Public abuse of women is now plain to see, from Glasgow to Westminster
Misogyny has always existed. Sometimes it’s more frowned upon than others, going quiet before bursting out in a fresh guise. But we are entering new and terrifying territory, where spittle-flecked rants against women are everywhere, including the House of Commons. Death and rape threats are openly paraded at demonstrations, prominent women are threatened with murder — and the fear that a woman will be seriously injured is growing by the day.
At the weekend, Scottish politicians appeared at a rally in Glasgow in front of a placard bearing an unequivocal death threat. ‘Decapitate terfs’, it read, next to a drawing of a guillotine. A couple of days earlier, a man allegedly left a voice note in Gaelic threatening to kill the author JK Rowling with a hammer. Rowling tweeted that the same individual had threatened to drive into a rally organised by the activist Posie Parker and to shoot the Labour MP Rosie Duffield.
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Threats of violence against feminists are not new. For several years now, women have had to meet at undisclosed venues in the hope of avoiding noisy protests by trans activists. But now something has changed. The threats are appearing at bigger, more mainstream events, such as the one in Glasgow attended by SNP MPs and MSPs.
They say they didn’t see the placard threatening to behead women and would have condemned it had they done so. A few days earlier, three Labour MPs shared a platform at a rally outside Parliament in London next to a trans activist, Sarah Jane Baker, who was recently released from prison after serving thirty years for kidnapping and attempted murder. The MPs say they had no idea of the identity of the activist and did not hear the crowd telling the Labour leader, Sir Keir Starmer, to ‘eat shit’.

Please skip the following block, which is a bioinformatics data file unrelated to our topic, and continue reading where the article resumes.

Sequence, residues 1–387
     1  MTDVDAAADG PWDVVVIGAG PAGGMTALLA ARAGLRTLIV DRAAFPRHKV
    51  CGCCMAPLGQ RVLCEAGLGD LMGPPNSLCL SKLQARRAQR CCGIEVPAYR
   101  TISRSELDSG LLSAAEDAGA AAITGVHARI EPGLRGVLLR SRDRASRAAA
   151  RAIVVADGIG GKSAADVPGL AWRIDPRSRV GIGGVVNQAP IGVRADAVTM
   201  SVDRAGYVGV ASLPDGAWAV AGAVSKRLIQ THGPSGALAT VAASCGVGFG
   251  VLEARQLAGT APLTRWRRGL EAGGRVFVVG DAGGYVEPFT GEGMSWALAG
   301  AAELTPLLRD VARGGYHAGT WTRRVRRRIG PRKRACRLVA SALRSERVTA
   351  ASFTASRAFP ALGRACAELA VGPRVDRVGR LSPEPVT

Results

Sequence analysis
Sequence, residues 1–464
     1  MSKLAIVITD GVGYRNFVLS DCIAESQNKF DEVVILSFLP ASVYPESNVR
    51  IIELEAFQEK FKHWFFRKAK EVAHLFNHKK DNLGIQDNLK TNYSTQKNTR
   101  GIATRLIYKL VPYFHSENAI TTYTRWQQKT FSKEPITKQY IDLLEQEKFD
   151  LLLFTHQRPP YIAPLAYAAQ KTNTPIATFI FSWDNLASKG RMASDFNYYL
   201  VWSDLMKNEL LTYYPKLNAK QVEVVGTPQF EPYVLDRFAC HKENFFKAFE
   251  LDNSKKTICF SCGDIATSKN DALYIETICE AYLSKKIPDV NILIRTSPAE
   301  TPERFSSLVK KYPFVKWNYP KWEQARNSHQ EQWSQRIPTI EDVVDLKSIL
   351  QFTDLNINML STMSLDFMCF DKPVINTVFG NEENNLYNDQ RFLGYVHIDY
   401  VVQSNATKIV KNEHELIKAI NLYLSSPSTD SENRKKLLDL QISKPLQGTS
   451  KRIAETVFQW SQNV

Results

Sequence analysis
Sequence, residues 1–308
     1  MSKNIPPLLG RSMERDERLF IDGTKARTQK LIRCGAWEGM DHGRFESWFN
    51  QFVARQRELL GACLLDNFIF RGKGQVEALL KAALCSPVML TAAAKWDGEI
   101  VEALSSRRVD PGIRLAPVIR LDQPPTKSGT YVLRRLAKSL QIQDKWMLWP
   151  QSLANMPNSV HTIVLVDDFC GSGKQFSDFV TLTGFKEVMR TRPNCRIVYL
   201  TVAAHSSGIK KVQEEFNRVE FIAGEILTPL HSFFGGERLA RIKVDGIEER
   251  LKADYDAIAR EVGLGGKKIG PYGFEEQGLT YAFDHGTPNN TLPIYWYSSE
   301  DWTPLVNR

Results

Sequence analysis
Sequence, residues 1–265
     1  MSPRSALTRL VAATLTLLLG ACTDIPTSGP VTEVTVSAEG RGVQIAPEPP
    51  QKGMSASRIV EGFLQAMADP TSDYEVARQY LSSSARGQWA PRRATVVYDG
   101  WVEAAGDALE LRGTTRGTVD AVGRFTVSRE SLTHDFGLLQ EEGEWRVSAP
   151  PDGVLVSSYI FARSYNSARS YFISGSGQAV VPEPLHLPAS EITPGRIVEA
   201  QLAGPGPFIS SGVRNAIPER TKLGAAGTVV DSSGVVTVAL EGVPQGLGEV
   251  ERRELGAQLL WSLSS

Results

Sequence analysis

Also last week, in scenes of stomach-churning disorder in the House of Commons, female MPs were shouted at by Labour MPs when they supported the government’s blocking of the GRR bill. Make no mistake about what’s happening here: public abuse of women, which began at small protests organised by trans extremists a few years ago, has now moved into the very heart of British politics. Misogyny has gone mainstream and the very people who should call it out remain silent. Starmer could not even bring himself to rebuke the most egregious offender, the MP for Brighton Kemptown, Lloyd Russell-Moyle, let alone withdraw the Labour whip.
Trans activism has now become so extreme that it is disfiguring public life. This could have been stopped years ago, if politicians and public figures had paused to ask themselves who and what they were supporting. Instead, they unthinkingly accepted the dubious claim that trans activists speak for ‘the most vulnerable people in society’, ignoring alarming (and escalating) behaviour towards women.
Now we can see the result. Trans extremists have developed a sense of impunity, threatening women’s legal rights, women’s spaces and now our physical safety. Trans activism is a monster — and the people who looked the other way while this new species of misogyny took root should be thoroughly ashamed.